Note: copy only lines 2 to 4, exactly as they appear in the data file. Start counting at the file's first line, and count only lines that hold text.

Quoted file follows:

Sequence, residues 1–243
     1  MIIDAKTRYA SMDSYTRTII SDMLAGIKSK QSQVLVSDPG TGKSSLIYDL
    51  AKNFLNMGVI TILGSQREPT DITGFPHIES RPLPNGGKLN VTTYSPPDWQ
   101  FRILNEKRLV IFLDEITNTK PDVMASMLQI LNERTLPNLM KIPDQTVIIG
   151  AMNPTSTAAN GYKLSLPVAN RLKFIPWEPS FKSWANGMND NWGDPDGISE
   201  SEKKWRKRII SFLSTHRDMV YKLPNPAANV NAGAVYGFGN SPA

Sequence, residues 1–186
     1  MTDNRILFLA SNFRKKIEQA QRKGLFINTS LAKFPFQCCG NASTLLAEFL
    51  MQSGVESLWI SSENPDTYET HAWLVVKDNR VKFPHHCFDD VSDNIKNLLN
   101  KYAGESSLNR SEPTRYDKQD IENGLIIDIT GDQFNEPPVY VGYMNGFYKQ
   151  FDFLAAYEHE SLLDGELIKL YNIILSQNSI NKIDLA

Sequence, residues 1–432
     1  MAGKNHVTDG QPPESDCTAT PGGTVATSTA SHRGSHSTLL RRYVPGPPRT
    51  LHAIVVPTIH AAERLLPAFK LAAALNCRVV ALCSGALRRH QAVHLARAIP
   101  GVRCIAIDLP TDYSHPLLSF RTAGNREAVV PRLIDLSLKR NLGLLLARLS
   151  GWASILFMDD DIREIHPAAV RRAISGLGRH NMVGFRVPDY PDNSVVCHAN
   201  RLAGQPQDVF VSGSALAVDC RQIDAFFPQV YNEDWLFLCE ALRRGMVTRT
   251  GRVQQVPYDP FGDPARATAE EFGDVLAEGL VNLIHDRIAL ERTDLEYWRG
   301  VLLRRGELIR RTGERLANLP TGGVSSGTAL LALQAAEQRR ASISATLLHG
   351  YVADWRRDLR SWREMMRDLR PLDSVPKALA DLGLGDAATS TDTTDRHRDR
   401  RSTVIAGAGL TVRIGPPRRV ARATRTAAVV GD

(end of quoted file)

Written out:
     1  MIIDAKTRYA SMDSYTRTII SDMLAGIKSK QSQVLVSDPG TGKSSLIYDL
    51  AKNFLNMGVI TILGSQREPT DITGFPHIES RPLPNGGKLN VTTYSPPDWQ
   101  FRILNEKRLV IFLDEITNTK PDVMASMLQI LNERTLPNLM KIPDQTVIIG